The scenes of an accident involving a car and a motorcycle in Chicago can be disturbingly similar. Often, the car has some damage and the driver may be a bit shaken, but the motorcyclist has typically taken the majority of the impact and the rider and bike have often suffered irreparable damage. Motorcyclists have the same rights and responsibilities on the roads as other motorists, but sadly, they are often the ones who are hurt the most in a motorcycle accident.
A recent column in The Huffington Post discusses this frighteningly common occurrence. The fact that car drivers so often misjudge a bikers speed and distance seems to be a recurring statement after an accident. Drivers often say they thought the biker was further away or was traveling slower when they decided to pull out in front of a motorcycle. Could there be some science behind this story?
According to the research presented in the column, the answer could be yes. People may be misjudging the speed and distance of a motorcycle simply because it is smaller than a car. Reportedly, our brains take two kinds of information into account when we look at something approaching us. One piece of information comes from an objective calculation based on the size and rate of expansion of the object. The other piece of information is more commonly used, but it comes in the form of a so-called mental shortcut. By quickly taking into account visual cues, a brain often decides that a bigger object is closer. Therefore, we may misjudge the distance of a smaller motorcycle.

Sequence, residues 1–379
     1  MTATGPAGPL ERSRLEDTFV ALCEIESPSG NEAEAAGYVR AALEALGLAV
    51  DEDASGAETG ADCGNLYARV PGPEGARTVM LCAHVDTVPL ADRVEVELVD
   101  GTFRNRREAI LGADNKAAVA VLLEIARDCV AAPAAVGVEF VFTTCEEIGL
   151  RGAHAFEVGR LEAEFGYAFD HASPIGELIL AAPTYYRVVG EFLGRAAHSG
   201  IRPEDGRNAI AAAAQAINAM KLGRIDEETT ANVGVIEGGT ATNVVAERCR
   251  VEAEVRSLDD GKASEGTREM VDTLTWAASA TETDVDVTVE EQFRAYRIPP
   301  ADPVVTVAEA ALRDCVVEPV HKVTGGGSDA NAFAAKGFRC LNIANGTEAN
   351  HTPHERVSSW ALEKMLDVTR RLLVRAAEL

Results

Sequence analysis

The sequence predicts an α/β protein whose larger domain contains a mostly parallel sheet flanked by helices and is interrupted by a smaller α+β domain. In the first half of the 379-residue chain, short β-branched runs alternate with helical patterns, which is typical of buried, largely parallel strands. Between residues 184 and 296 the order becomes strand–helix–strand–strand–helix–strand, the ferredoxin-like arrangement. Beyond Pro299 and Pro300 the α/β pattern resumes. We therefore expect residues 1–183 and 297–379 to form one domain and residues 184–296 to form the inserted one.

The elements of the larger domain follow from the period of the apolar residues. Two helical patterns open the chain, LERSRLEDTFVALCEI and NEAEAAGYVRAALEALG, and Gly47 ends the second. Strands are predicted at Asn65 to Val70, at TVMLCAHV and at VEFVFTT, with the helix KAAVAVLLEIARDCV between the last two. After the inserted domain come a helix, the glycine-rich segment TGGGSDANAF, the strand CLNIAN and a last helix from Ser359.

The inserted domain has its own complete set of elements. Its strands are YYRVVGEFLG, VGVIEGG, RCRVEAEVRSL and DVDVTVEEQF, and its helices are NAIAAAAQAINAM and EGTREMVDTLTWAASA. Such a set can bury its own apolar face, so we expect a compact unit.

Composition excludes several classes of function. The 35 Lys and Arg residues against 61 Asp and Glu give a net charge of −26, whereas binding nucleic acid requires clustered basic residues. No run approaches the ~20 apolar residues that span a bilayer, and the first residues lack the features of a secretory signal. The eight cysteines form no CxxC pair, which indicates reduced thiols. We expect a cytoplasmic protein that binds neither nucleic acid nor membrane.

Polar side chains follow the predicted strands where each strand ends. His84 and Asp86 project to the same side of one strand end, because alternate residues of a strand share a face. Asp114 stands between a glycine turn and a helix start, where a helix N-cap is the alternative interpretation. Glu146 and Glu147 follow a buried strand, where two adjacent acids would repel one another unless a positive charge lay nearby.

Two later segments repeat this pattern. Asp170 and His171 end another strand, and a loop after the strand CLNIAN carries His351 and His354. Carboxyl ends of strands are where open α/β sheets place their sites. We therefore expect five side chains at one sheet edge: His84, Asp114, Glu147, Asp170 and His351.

Psychological scientists are putting this theory to the test to figure out why so many people may be relying on the second piece of information which can be less reliable. This could be the reason that so many drivers pull out in front a motorcycle without having the proper space and time to do so.
This type of research can be very interesting. It does not, however, relieve drivers of their responsibility to operate their vehicles safely around motorcycles. Instead of rushing out in front of a biker, driver should be taking a few extra seconds to properly acknowledge the other vehicle and proceed safely. Those few seconds can make the difference between saving a biker's life and potentially losing one.
Source: The Huffington Post, "Crash! Collisions in the Mind's Eye," Wray Herbert, Nov. 28, 2012